25. How does clinical evaluation apply to these products?

The requirements for conducting an assessment and analysis of a SaMD’s clinical safety, effectiveness, and performance as intended by the SaMD manufacturer are unchanged. The SaMD must still be substantially equivalent or have a reasonable assurance of safety and effectiveness, although demonstration of this does not necessarily require a clinical investigation/study. Please refer to the Software as a Medical Device (SaMD): Clinical Evaluation final guidance.

26. Will updates or modifications to software be launched more easily for a precertified organization?

The FDA envisions allowing precertified organizations to make certain product iterations easily by proactively addressing safety issues. Through the pilot, the FDA is exploring tailored pathways for more efficient ways for precertified organizations to update or modify their SaMD. We are looking for input from stakeholders about the appropriate role of FDA in overseeing updates or modifications to software from precertified organizations.

27. Will precertified organizations need to go through the Q-submission process?

The current Q-submission process is intended to assist companies during the development and review of their products. The FDA has not yet determined the details of a streamlined premarket review processes for the Pre-Cert Program. We are exploring various approaches, including whether a process similar to the Q-submission process would help align expectations to facilitate both timely development and review of products from precertified organizations.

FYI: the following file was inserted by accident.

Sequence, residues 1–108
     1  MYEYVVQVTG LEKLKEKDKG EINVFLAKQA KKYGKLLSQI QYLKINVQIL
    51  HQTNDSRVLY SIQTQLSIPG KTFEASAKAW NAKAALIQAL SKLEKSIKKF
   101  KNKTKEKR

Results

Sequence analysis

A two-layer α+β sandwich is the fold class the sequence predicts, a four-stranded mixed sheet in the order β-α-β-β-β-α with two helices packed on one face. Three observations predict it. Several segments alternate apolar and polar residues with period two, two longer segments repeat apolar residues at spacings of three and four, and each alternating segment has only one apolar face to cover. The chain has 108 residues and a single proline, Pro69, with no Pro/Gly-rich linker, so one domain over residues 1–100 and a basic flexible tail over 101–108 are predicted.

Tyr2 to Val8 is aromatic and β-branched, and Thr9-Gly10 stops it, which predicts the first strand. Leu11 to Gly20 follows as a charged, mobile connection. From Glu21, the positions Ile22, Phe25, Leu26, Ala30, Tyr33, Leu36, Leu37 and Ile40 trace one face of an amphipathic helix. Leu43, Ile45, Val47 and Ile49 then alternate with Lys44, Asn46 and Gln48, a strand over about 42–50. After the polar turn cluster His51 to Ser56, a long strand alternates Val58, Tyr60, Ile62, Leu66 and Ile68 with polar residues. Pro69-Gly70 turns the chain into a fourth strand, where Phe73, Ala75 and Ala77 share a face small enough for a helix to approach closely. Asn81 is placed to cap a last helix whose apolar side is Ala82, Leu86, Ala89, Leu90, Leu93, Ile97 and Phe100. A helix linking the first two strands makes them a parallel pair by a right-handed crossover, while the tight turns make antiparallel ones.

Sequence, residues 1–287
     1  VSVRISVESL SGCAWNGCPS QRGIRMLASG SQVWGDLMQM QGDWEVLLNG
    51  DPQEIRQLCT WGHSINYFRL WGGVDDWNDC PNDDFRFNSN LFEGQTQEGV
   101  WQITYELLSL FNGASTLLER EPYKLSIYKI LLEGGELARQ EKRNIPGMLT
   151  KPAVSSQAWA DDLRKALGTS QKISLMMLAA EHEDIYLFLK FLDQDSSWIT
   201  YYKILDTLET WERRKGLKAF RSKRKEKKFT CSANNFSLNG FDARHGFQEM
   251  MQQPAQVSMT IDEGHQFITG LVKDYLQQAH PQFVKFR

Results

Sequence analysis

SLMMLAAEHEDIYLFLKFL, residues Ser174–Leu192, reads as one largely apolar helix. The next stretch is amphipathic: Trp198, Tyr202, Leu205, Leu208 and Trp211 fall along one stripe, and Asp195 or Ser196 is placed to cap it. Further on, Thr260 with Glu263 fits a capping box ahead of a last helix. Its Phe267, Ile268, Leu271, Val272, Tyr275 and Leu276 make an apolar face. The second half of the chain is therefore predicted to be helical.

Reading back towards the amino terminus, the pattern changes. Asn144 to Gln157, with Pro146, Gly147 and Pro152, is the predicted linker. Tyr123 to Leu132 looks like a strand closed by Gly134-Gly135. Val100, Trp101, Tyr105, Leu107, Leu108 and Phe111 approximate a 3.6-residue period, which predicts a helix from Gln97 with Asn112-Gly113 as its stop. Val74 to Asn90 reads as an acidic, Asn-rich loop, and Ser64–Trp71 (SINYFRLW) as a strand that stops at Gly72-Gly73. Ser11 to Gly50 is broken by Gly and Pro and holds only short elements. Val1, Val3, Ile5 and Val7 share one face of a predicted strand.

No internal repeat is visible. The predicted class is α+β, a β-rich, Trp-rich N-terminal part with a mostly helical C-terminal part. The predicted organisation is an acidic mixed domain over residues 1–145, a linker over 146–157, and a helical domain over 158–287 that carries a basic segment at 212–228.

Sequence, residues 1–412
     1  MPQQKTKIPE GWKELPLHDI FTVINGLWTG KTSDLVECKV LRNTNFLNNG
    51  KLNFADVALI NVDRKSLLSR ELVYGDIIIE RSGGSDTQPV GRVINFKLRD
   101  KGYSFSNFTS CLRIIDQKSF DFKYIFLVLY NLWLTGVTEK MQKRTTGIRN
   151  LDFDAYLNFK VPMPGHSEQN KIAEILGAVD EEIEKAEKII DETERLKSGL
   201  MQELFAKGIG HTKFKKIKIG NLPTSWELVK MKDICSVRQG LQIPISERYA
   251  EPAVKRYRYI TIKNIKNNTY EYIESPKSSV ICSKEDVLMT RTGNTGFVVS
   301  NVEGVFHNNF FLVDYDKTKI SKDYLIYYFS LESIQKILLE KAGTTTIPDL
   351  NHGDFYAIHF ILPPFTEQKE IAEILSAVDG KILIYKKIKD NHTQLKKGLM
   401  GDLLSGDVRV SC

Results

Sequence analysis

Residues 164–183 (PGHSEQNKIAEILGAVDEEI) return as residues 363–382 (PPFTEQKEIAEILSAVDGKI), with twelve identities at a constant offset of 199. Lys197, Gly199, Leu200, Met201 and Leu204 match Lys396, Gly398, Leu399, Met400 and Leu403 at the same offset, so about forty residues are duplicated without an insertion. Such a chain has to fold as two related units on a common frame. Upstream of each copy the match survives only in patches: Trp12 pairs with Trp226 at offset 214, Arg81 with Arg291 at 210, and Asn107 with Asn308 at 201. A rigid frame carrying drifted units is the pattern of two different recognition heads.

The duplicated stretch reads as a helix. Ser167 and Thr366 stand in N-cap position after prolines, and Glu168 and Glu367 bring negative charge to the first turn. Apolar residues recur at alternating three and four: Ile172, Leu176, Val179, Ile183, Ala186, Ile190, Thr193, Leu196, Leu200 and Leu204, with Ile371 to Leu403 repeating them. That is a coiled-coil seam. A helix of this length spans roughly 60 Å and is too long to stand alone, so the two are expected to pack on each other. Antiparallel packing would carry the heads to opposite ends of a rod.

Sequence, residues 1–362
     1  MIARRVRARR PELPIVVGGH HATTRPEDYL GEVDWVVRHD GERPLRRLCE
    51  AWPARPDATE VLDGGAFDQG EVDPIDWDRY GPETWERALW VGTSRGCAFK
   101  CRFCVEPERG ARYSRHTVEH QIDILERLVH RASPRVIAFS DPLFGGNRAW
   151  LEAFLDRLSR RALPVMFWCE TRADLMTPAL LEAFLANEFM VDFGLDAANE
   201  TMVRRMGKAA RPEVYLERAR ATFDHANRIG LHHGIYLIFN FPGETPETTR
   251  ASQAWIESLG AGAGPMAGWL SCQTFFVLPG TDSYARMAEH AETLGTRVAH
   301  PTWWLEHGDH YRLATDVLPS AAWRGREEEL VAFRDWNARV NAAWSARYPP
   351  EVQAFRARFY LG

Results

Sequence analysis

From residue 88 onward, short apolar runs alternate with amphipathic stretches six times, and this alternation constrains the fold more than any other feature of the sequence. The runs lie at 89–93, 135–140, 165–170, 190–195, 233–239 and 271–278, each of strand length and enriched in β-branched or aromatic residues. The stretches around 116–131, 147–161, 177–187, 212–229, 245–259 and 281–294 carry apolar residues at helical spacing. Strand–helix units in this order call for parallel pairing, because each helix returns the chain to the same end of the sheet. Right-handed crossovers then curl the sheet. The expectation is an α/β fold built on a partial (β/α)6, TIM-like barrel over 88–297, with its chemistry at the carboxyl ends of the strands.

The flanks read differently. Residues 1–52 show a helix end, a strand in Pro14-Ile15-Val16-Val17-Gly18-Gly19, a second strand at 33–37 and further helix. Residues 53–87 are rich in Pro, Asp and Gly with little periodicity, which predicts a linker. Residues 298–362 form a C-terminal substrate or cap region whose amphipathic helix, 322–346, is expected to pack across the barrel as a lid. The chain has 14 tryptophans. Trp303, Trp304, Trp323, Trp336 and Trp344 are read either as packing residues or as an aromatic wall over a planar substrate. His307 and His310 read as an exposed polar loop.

28. Can precertified organizations get a "concierge service" within the FDA to facilitate a smoother FDA review experience, reducing regulatory uncertainty?

The FDA's working framework for the Software Pre-Cert Program would reduce burden for individual product review by streamlining premarket submission requirements or potentially eliminating premarket submissions for certain devices. During the next phase of the program in 2019 we will test how best to facilitate an enhanced review experience.